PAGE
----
I woke up with a taste for something Asian, but instead of doing Dim Sum we opted to try Chinatown's Q restaurant, which offers Chinese, Japanese, and Thai cuisine. It was pretty empty for a Sunday at lunch time, so we were seated right away at a booth.
The atmosphere is modern and somewhat dimly lit with red walls and a number of nice-looking saltwater aquariums. Seating-wise there's a bar/lounge area with high tables, the sushi bar, as well as booths and tables.
The menu is fairly extensive and after appetizers and drinks is divided into Chinese dishes, Japanese/sushi items, and lastly Mongolian hot pot selections. Spicy tuna, spicy yellowtail, and spicy salmon rolls are $4 every day, so we started out splitting a roll for an appetizer. We went with the spicy tuna, which included of course tuna, cucumber, tempura chips, and spicy mayo. The toasted sesame seeds on the outside were a nice touch - delicious!
Chris went with a sweet and sour Chinese standard, General Gau's chicken. Typically the chicken is fried, but the chef was kind enough to stir fry it for him (so he could pretend he was eating more healthily). The ginger, garlic, sesame oil, scallions, hot chili peppers, etc. all came together nicely, but it was a little on the sweeter side than other versions of the dish we've had. Likewise it could have been a little spicier, but overall it was very tasty.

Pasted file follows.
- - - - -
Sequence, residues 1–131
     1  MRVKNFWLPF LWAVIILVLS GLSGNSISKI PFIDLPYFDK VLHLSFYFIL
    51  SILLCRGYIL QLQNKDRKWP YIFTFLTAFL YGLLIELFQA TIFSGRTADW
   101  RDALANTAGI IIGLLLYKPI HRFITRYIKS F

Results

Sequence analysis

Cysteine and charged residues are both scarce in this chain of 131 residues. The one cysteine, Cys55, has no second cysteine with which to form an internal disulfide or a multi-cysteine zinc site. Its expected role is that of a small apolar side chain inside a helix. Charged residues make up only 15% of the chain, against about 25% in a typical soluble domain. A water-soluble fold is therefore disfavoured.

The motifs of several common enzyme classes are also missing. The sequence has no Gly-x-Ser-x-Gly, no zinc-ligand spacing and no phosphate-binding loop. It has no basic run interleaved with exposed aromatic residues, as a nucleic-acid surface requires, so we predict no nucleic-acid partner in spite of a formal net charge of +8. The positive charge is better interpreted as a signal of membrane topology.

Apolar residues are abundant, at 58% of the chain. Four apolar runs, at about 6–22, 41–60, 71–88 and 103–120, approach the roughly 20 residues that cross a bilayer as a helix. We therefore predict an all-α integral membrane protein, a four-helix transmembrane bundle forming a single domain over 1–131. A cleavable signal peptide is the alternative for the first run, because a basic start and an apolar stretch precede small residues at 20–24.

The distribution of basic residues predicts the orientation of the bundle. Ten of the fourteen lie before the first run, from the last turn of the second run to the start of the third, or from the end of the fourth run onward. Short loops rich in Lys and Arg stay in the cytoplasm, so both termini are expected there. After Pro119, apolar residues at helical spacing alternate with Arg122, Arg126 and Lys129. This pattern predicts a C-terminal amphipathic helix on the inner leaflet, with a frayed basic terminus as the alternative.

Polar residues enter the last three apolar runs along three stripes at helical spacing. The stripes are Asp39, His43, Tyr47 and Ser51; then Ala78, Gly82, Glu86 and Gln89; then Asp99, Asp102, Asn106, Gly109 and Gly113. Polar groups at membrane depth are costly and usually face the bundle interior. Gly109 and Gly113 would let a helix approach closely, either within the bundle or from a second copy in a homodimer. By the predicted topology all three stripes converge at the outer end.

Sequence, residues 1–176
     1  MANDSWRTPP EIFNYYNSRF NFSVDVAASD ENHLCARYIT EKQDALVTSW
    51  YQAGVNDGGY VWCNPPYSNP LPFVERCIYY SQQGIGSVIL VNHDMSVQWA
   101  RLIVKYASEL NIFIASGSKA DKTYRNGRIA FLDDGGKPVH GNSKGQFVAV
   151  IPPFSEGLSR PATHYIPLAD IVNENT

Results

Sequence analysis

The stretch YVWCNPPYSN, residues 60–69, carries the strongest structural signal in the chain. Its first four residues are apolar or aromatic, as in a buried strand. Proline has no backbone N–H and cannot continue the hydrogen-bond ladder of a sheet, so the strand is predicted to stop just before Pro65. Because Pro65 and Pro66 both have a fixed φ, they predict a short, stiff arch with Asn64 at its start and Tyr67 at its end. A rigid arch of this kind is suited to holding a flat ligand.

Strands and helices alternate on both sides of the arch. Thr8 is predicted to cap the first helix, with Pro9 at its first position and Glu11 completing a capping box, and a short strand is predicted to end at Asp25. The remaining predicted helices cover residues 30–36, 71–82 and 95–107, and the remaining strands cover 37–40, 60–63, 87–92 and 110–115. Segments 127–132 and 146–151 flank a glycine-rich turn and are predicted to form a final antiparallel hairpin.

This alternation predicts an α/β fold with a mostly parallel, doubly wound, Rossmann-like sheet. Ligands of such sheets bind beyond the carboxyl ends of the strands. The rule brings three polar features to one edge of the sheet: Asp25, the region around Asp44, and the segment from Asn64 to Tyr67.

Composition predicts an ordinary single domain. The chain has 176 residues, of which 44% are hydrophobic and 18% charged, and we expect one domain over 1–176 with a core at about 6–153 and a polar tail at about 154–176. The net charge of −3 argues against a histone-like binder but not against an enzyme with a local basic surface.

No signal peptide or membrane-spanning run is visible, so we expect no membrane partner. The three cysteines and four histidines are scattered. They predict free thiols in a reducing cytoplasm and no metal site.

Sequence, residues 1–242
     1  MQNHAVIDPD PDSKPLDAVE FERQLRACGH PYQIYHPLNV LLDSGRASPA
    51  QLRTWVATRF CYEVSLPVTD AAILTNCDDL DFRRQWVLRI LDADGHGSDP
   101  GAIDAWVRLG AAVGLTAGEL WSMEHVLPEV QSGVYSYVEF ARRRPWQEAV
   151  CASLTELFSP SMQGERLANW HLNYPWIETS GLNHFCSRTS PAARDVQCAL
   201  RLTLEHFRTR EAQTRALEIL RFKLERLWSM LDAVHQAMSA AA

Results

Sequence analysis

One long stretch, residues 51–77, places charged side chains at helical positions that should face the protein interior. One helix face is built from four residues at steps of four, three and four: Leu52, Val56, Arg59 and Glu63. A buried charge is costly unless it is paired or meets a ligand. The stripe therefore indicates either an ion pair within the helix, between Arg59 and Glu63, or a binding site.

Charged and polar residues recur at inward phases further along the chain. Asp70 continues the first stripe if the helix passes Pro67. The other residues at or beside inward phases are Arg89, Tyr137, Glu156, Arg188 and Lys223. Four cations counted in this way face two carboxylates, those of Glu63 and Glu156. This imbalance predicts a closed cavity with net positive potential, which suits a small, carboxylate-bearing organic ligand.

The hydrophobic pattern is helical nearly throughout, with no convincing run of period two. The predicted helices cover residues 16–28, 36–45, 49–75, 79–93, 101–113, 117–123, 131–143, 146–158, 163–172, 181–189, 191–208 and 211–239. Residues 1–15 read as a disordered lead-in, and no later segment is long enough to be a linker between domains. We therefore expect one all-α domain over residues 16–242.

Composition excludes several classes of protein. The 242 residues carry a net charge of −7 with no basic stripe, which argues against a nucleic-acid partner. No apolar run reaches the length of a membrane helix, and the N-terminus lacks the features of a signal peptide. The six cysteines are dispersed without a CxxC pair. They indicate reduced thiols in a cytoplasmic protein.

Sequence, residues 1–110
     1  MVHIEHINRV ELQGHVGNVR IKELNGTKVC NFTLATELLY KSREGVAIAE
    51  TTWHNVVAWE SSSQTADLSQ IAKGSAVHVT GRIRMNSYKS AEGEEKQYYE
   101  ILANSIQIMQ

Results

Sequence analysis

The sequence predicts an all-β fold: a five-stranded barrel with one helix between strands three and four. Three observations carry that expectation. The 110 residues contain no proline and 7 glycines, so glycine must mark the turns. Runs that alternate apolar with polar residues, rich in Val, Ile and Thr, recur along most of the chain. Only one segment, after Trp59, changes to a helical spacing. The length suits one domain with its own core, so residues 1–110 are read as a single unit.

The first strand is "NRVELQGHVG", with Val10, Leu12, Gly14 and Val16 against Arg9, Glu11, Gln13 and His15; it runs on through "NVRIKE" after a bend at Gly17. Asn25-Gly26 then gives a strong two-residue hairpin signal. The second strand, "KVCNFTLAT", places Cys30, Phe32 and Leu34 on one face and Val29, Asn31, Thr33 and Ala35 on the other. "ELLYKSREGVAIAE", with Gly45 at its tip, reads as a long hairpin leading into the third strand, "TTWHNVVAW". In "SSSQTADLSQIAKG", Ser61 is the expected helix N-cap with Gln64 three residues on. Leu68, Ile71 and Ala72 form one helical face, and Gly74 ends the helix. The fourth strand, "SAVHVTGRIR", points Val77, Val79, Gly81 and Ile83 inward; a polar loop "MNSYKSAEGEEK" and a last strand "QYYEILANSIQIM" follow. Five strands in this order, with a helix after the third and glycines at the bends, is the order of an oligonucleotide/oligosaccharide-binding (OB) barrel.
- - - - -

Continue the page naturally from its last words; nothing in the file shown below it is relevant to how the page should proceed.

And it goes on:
On such a cool, rainy afternoon I couldn't help but want a nice big bowl of soup, so I went with the Mongolian hot pot option. Hot pot cooking goes by a number of names, including shabu shabu, but the general idea is that you are presented with a huge bowl of broth that is kept hot by the electric burner built into the table. Thinly sliced raw meat, fish and vegetables are then placed in the pot where they cook and absorb the broth's flavors. Lastly you fish them out and can dip them in a number of sauces.
I chose the standard beef broth, which seemed to have ginger, scallions, and other goodies floating in it as well. Other broths included kimchee, tom yum, and black bone chicken. For my meat I went with the pork, but there was no shortage of options - short ribs, beef and lamb, angus sirloin, salmon, flounder, shrimp, and much more! Lastly I chose to have Japanese udon noodles, but cellophane, wide bean thread, and "S.T" (wide, flat) noodles were also options. Also included was a vegetable selection - bok choy, cabbage, tomato, mushroom, tofu, and a couple of other things were there.
The amount of broth I was brought could have fed a small family, but I naturally had no problem with that! It was very fun plunging my various things into the broth, which then made it tastier and tastier as time went by. To dip my meat and veggies I had garlic, scallions, cilantro, soy, a chili sauce, a vinegar sauce, and what I think was shacha sauce. Everything was great and I finished up feeling full and satisfied.
For dessert there are a number of ice creams like azuki bean, ginger, and green tea as well as a number of cakes, but we were too full and opted out. Overall it was a really nice lunch and I would certainly return for another meal!